With many influences on the show’s development and production having come from Japanese cartoons and Asian cultures in general, the overall style of the show is very reminiscent of anime. Since Avatar‘s all-ages appeal has combined with its high quality to attract a large fan base among those old enough to wield words on the Internet, numerous debates have sprung up here and there over one question: “Is Avatar: The Last Airbender an anime?” In one sense, yes it is. But for practical purposes in English-speaking cultures, it is not, and it should therefore be in the family section at Blockbuster, instead of the anime section.
Let’s start by looking at how it is an anime. The Japanese word アニメ, transliterated into roman characters as “anime”, is their word for “cartoon.” It was shamelessly stolen from our own English word “animation” and shortened to make it easier and faster for the Japanese to say. By that definition, the word “anime” is a label not just for Japanese cartoons, but for animated films of any kind and length from any country. Three-dimensional animations and stop-motion animations, for instance, as well as every Disney movie with animation in it count, along with cartoons from China, France, Australia, and anywhere else you can think of.
English-speaking cultures, on the other hand, apply the anime label specifically to cartoons coming out of Japan.
There’s an amazing variety of cartoons produced in Japan. Unlike the United States, where cartoons are generally aimed at children, they have cartoons aimed at all demographics — children, teenage boys, teenage girls, housewives, 40 year-old businessmen, etc. Only a small fraction of these, however, are translated into English for sale and purchase in the western world. The ones that make it overseas have many things in common, in terms of aesthetics, animation style, and storytelling techniques.
It is those stylistic elements that most people in English-speaking cultures use to identify a cartoon’s point of origin. However, many of today’s animators in the west have been heavily influenced by the styling of Japanese cartoons. As a result, cartoons produced in the west grow to look more and more like the cartoons that come out of Japan. The aesthetic line is blurring, which means we must turn to other factors to determine whether or not a cartoon should be classified as anime.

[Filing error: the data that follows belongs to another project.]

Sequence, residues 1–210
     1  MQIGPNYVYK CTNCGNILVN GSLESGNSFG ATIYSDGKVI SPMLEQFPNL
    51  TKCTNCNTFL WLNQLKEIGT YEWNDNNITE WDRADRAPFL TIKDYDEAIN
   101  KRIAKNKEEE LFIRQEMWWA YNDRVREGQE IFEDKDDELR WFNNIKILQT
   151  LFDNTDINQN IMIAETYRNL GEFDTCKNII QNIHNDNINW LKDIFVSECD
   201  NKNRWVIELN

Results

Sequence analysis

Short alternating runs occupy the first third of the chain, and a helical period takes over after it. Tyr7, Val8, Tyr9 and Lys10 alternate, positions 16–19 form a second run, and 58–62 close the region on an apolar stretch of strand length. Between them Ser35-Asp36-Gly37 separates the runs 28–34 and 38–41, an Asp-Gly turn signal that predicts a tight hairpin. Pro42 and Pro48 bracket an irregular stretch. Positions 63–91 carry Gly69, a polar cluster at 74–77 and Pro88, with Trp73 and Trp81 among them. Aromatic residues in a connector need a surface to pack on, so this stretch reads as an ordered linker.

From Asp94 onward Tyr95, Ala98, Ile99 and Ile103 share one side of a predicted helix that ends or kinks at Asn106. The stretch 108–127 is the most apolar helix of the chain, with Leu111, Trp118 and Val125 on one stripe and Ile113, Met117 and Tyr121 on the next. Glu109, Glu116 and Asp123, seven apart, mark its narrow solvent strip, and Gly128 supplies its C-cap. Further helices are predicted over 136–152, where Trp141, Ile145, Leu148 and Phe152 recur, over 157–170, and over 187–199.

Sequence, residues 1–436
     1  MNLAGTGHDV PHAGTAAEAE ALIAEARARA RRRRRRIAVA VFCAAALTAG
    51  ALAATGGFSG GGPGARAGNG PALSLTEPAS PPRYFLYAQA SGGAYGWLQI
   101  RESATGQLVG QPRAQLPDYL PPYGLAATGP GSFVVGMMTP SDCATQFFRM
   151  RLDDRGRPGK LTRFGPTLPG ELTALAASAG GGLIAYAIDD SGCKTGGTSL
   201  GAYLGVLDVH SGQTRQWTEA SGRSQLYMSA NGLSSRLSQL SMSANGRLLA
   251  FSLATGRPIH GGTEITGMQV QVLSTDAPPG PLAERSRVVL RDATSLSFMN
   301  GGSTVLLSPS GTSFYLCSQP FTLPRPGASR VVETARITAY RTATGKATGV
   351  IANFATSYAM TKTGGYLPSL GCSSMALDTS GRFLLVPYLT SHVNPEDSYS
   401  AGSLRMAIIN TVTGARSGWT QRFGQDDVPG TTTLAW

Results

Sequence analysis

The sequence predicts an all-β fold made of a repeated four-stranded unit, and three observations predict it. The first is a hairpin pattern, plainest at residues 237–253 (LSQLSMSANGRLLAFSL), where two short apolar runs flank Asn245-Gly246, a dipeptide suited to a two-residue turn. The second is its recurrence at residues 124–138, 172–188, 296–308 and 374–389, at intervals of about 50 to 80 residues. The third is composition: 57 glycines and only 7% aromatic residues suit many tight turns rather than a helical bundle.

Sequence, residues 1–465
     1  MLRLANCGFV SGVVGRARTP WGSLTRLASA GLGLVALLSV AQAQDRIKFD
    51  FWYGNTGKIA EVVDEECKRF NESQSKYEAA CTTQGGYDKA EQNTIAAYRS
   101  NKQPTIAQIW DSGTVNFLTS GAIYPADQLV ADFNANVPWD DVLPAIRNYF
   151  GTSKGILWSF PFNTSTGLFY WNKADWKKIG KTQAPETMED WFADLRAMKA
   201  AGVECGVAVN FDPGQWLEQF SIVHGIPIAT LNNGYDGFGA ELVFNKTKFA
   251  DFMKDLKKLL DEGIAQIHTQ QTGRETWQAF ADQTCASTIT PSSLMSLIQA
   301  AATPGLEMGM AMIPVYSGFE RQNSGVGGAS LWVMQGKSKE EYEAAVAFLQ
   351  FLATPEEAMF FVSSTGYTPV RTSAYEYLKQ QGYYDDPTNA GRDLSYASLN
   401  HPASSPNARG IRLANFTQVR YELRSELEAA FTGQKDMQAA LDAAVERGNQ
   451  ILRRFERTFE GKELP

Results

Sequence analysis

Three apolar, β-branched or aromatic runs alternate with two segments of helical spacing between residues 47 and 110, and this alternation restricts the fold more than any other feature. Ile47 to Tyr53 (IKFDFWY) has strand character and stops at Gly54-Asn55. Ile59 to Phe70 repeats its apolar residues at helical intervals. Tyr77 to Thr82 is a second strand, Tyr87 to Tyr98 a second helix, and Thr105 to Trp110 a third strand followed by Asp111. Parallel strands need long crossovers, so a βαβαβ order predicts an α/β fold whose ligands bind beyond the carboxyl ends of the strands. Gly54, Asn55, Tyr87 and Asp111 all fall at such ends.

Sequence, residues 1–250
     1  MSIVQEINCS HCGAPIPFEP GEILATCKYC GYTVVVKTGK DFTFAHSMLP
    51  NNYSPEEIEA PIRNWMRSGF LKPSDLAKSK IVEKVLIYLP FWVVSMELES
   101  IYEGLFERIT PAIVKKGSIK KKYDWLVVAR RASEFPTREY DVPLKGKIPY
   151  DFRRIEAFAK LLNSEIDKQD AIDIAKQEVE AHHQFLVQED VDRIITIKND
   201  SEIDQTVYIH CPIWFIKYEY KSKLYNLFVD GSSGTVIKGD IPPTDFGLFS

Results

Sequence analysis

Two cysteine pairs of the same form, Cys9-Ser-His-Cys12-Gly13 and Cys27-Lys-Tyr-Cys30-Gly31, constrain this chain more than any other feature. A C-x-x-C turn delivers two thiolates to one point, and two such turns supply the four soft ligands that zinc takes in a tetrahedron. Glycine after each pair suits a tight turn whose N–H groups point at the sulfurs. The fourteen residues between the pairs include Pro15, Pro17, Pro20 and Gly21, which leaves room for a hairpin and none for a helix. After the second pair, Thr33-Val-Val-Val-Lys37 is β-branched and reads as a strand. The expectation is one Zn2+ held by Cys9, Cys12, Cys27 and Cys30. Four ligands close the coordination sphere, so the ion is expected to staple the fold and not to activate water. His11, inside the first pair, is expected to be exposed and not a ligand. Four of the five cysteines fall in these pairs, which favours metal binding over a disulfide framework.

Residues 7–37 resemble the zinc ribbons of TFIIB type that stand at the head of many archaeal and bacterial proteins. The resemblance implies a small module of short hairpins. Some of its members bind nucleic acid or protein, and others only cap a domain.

The first thing to look at is where the cartoon was originally produced. There are some clear-cut examples we can make here: any Disney film will have been produced in the United States, and is therefore not an anime; any cartoon to come out of Studio Ghibli was produced in Japan, and is therefore an anime by western definition. Films produced by Studio Ghibli and then translated and dubbed by Disney for release in the U.S.A. (like Princess Mononoke) were still created by Studio Ghibli, and are therefore still anime. In fact, whether or not a cartoon had to be translated into English is perhaps even more telling. If it was originally in Japanese, it’s probably anime. If it was originally in English, it’s probably not. Both of these factors could be confounded, though, if for instance a cartoon envisioned by British folk were produced by Japanese folk in Japan.
The most important factor to consider is the culture of the creator(s). Culture is a huge influence on a person and is bound to come out in anything artistic they create, regardless of medium (and in spite of any other cultural influences on the final product). In a cartoon it will display most in how the characters speak and interact with each other and the forms that jokes take. These things can be hard to find in a translated cartoon if the translation is good, though.
So, back to Avatar in particular. It was created by two Americans and produced by Nickelodeon Studios, which is an American company. The cartoon’s original language is English. And if you ever watch the show, it’s got American humor coming out its wazoo, including puns. (Puns are almost impossible to keep funny in translation, which would hint at English as the original language even if it weren’t produced by a most decidedly American production studio.) As such, we cannot label Avatar: The Last Airbender as an anime by the standards of English-speaking cultures. This may need to be modified for other cultures Blockbuster services according to their own genre definitions, but in English-speaking countries Blockbuster Video should be putting it in the Family section of their rental racks with the rest of Nickelodeon’s productions instead of the Anime section.